AT&T made it clear that the settlement must not be treated as an admission of guilt on its part. “We strongly deny any wrongdoing, and no court has found AT&T Mobility committed any wrongdoing regarding these fees. However, we have agreed to settle to avoid the burden and cost of further litigation,” AT&T said in a statement. If you remember being an AT&T customer during the 11-year stretch of time, then you are not only eligible for the proposed amount or non-cash benefits but also free to object to the proposed terms of settlement.
Comcast must have thought no one would notice when, in 2007, the ISP began preferentially slowing or blocking BitTorrent packets on its network. Users quickly noticed that Comcast was up to something; an AP investigation confirmed their findings. Now a class-action that came from that incident has been settled with Comcast agreeing to pay $16 million.
Comcast had at first claimed that it had nothing to do with the slowdowns. Even when they were found out, the issue was explained as acceptable traffic management. The FCC didn’t see it that way, and Comcast was forced to reverse course. However, that didn’t stop the lawsuits from being filed.
The settlement in question certainly doesn’t mean Comcast is admitting any wrongdoing. A Comcast statement claims the settlement is intended to “avoid a potentially lengthy and distracting legal dispute that would serve no useful purpose." Parties to the class-action can expect a rather small share of the funds. Each valid claim will be paid a maximum of $16. It might not be a lot of money, but it is Comcast’s money.
If the settlement is approved, the owner of each eligible iPod Nano sold without a protective slipcase would receive $25. Owners of iPod Nanos sold with a protective slipcase would receive $15 per unit. Learn more at the settlement website's FAQ page.
Did you buy an early iPod Nano? Join us after the jump for your chance to tell us your scratch horror stories.
The “Vista Capable” lawsuit has been dragging on for some time now, but it appears a verdict may be fast approaching, and its bad news for Microsoft. Yesterday, U.S. District Court Judge Marsha Pechman released figures from the class-action suit which shows that the company stands to lose as much as $8.5 billion dollars. With such a large dollar figure swirling through the investment community, Microsoft instantly went on the defensive by issuing a statement claiming that the estimate is “over inflated”. They also assert that if damages are granted, they are unlikely to be anywhere near this amount.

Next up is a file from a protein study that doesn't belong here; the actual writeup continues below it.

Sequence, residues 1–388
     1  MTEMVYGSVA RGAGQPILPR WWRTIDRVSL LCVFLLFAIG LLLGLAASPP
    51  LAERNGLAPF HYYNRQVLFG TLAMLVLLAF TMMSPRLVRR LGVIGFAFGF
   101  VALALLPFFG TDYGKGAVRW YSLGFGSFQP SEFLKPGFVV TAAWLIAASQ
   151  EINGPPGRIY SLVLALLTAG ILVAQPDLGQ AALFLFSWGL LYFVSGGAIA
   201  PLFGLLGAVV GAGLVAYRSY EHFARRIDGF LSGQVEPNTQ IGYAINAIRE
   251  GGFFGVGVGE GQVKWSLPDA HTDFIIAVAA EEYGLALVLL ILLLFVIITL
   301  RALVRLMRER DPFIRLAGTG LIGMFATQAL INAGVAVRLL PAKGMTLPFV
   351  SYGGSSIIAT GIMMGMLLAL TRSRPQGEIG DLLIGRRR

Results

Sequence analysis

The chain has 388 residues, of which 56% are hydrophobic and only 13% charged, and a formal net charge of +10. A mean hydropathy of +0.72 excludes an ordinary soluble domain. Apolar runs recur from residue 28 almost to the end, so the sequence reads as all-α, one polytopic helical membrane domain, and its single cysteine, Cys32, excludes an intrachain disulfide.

The 8.5 billion dollar figure was calculated by a University Of Washington economist, and expert witness in the trial. To reach this number he determined the number of “Vista Upgradable” PCs that were sold in the US between April 2006 and January 2007. This essentially covers the period between the start of the marketing campaign and the release of the retail version of the OS. It was established that around 13.75 million laptops and 5.65 million desktop PC’s shipped with the “Vista Capable” designation, but did not live up to the “Premium Ready” requirements. The root of the plaintiff’s argument is that they were cheated as a result of not being able to use the Aero glass interface. As of July 2008 Microsoft had sold 180 million licenses for Vista, but only around 42 million of those were for the basic edition.